"A high school was established in 1909 and it became, in 1919, the FIRST
accredited high school in the county system." (From John A. Oakes' The Story of Fayetteville, The Story of Fayetteville and The Upper Cape Fear, 1950, Fayetteville, NC, p. 466)

"Eastover District was the FIRST district in the county to levy a special tax to extend their school term from six to eight months and is considered by
authorities to be one of the best schools in the county." Bids for the new Eastover High School were awarded on May 4, 1924 and was the "largest of the schools in the county and will have thirteen classrooms in addition to an auditorium, offices, and laboratories. (The Fayetteville Observer, Mary 5, 1925)

Eastover High School, "in 1935, had the FIRST agriculture department in the county." (From John A. Oakes' The Story of Fayetteville, The Story of Fayetteville and The Upper Cape Fear, 1950, Fayetteville, NC, p. 466)

(Click here for Historical Page 2, which provides more details of Eastover's Emphasis on Education on Educational History. )

Eastover was the FIRST community in Cumberland County to establish a rural water system. "Talk of a community water system began in 1994 with members of the Eastover Civic Club" and the bond passed in 1999. Four months later, in January 2000, Eastover won approval for nearly 4 million dollars in loans and grants from the Rural Development Division of the US Department of Agriculture. (The Fayetteville Observer/Times, January 10, 2000)

According to a brochure promoting golf in Cumberland County, "the first round of golf in the New World was played in a pasture just a short distance outside of Fayetteville by a Scotchman named Alex McGrain in 1728." Could this be an Eastover FIRST?????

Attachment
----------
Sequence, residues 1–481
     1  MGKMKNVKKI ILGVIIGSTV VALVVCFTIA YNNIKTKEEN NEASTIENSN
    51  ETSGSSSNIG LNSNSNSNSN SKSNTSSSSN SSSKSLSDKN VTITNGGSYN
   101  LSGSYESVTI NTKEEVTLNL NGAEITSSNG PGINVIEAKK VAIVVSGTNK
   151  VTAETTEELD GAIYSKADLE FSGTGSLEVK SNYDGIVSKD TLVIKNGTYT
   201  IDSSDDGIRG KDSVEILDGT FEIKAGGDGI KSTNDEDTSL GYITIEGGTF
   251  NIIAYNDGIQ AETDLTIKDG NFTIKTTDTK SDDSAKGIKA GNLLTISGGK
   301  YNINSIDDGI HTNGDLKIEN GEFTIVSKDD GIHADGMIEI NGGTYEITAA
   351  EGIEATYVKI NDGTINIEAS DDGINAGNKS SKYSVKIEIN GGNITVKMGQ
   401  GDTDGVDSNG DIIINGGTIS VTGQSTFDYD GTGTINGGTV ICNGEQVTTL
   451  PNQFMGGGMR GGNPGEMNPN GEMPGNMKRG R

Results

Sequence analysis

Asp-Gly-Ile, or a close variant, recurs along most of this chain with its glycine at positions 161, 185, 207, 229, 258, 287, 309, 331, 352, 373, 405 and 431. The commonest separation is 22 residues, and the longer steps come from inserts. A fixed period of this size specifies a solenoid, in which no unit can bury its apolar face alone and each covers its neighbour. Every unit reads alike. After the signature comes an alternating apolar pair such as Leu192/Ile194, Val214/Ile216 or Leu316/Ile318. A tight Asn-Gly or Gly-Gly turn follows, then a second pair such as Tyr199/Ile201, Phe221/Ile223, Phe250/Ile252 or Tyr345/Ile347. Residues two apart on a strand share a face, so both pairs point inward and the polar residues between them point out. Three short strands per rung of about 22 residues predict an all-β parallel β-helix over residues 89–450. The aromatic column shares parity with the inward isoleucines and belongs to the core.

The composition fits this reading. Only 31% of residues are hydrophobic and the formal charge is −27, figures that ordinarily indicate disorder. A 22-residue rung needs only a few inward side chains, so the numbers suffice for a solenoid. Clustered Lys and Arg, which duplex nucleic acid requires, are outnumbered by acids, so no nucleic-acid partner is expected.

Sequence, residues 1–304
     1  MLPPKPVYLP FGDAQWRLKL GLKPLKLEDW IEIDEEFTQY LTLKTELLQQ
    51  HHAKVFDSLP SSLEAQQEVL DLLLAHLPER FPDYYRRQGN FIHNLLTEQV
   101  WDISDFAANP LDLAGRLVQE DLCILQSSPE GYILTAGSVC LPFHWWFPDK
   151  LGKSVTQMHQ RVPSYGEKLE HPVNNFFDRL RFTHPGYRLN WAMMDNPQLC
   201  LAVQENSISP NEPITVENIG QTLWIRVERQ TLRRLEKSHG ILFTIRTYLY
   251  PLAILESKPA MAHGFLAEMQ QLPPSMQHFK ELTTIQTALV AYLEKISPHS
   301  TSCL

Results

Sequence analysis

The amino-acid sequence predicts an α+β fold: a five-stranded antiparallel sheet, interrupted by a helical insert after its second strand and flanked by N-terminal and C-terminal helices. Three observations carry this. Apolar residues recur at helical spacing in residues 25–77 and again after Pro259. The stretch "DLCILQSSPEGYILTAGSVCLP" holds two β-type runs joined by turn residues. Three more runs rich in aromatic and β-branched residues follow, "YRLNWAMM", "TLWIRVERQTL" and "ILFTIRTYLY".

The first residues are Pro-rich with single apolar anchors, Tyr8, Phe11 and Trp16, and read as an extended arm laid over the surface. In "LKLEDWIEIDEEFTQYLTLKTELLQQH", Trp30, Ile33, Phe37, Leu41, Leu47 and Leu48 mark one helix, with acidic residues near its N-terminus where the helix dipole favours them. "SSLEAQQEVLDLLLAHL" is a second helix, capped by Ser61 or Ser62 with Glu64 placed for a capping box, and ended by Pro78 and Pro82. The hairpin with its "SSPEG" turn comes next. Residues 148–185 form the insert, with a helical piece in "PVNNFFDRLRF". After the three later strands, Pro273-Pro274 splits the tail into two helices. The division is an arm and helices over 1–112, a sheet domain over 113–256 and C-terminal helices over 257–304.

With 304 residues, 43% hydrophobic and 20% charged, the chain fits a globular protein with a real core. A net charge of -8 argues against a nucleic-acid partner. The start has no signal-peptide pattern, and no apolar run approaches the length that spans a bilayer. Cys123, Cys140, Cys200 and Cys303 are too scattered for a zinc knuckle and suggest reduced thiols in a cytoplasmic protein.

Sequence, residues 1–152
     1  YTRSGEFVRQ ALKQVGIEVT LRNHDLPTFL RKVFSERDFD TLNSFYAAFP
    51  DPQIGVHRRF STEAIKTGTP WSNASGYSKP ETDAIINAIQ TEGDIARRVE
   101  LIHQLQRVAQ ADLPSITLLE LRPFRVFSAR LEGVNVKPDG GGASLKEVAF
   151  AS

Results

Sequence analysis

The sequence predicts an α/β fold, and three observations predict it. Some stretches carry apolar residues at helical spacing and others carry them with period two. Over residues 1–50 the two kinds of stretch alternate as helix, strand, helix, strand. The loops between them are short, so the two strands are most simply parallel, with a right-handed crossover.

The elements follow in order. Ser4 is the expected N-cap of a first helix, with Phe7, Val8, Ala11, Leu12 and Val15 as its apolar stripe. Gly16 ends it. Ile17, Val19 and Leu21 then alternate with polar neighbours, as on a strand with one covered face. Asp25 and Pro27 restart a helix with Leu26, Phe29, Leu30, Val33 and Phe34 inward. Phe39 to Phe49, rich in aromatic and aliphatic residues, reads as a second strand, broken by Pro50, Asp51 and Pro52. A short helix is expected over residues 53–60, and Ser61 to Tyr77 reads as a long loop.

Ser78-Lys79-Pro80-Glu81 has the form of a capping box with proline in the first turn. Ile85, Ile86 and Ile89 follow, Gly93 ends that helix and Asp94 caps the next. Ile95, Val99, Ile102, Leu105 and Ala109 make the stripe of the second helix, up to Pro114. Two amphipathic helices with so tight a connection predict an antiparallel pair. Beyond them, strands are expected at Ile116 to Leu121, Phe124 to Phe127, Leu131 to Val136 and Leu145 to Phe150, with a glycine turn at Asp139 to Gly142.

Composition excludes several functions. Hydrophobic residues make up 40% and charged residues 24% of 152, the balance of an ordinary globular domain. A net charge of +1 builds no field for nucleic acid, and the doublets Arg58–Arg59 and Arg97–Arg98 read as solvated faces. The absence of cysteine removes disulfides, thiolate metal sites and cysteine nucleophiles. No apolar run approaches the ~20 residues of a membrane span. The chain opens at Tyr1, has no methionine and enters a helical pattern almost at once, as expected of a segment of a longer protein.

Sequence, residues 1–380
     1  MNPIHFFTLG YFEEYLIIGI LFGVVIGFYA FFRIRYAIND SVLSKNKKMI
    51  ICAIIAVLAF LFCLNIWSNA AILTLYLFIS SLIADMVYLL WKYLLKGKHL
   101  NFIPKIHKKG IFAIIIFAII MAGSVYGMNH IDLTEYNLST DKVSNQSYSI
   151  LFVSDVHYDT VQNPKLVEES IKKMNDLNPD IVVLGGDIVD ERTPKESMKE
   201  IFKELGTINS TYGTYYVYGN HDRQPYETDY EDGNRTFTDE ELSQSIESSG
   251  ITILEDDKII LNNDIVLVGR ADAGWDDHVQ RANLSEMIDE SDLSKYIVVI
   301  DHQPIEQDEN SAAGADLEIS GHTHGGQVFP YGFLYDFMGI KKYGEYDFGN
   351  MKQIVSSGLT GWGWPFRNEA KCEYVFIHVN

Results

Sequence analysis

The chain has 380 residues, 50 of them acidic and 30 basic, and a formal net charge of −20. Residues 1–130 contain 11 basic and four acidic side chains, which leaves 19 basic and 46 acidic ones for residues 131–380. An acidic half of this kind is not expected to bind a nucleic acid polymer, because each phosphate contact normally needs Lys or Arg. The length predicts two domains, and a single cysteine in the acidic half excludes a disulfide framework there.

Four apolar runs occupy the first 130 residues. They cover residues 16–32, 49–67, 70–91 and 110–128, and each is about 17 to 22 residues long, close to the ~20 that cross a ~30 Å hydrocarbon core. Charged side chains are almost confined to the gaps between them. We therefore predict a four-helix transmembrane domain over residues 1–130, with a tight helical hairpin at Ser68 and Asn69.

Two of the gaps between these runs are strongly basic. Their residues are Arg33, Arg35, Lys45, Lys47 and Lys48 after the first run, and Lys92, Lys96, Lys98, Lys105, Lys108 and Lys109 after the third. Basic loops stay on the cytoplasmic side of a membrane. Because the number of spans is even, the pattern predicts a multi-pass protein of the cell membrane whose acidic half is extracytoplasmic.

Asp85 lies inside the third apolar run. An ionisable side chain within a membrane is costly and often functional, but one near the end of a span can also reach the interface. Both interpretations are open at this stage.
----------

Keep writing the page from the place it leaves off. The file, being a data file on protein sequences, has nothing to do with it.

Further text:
Eastover History Trivia

"The Fayetteville and Northern Plank Road was laid out to cross the Cape Fear River above Fayetteville and within three miles of the City and thence to Flea Hill (now Eastover) on the old stage road, and then by Averasboro, through Johnston and Wake to Raleigh." (p. 373) (It is believed that this road passed to the east of the Johnny Patterson home on Beard Road.)
The Flea Hill Academy was chartered in 1831. (p. 450)

Two McLarens (McLearan, McLaurin) were listed in Flea Hill District,
Cumberland County, in the 1830 US Census: Duncan McLaurin (070) and John McLaurin (074) The Abstract of Deeds of Cumberland County, N.c., Volume One, Books 1-3, 1754-1770 records a deed on July 8, 1757 from Duncan McLearan of Cumberland To John McLearan for 100 acres on the drains of Locks Creek, on the side of savannah, patent 16 March 1756.

The Flea Hill Church on Middle Road became Salem Methodist Church in 1848. (J. H. Myrover, Short History of Cumberland County, 1905).

Mount Zion African Methodist Episcopal Zion Church is one of the oldest churches in Cumberland County. Mount Zion, formerly called "Flea Hill African Methodist Zion": Church dates from 1855 and is the second documented organized African American Church in Cumberland County.